I am always amazed by how fast the sentiment can change in the global agriculture market. Just a few weeks ago, agricultural analysts across the world were concerned that the excessive wet weather conditions in the U.S. would lead fewer plantings and poor yields. This would have subsequently led to tight global maize supplies.
But when the U.S. Department of Agriculture released its acreage report last week, there was soon a realization that the market misread the situation on the ground. The U.S. government indicated that farmers planted 37.1 million hectares in 2019/20 season, up by 3% year-on-year. It appears that farmers switched a few soybean hectares to maize due to attractive prices in June 2019. As a result, soybean plantings are down by 10% year-on-year to 32.4 million hectares in 2019/20 season.
Now, since this data came out, the U.S. maize prices have retracted from levels seen over the past few days when there were still concerns of slow plantings. Yesterday, July 2, U.S. maize spot price was about US$192 per tonne. This, by the way, is not ridiculously low, and hence, doesn’t justify the drama I saw in the wires over the past two days. This price level is about 16% higher than July 2, 2018.
For those of us, observing agricultural markets from South Africa, the developments in the U.S. market are important and have strong influences on our market, which is generally linked to the global agricultural markets. In line with developments in the U.S., South African yellow maize prices also pulled back from levels seen over the past few days, when there was “sugar rush” from the U.S. maize market.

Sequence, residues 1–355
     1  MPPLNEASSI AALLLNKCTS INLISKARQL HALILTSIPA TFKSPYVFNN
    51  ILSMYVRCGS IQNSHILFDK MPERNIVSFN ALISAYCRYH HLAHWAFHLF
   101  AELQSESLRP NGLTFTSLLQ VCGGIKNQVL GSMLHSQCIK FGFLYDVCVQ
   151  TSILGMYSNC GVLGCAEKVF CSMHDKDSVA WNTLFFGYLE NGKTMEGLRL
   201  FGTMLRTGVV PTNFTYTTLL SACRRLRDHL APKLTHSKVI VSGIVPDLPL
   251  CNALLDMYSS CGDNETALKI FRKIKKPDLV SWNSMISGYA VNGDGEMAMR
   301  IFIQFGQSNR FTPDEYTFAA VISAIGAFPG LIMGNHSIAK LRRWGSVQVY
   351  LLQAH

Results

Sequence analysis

Overall, my sense is that yields and the actual area that will be harvested at the end of the season are key things to watch. Planting is one thing, but what is key are yields. On Sunday, June 30, only 56% of the U.S. maize was rated as being in good or excellent growing conditions, compared with 76% in the corresponding period in 2018. This alone tells us that it’s not all rosy in the U.S. corn belt, just as it’s not all bad.
For me to be convinced of a possible big U.S. maize harvest, as the market seems to anticipate, I will have to see a sustained improvement in the maize growing conditions. This data point gives us hints about yields expectations, which will be a key determinant of a harvest size. For now, we will continue to watch the developments.
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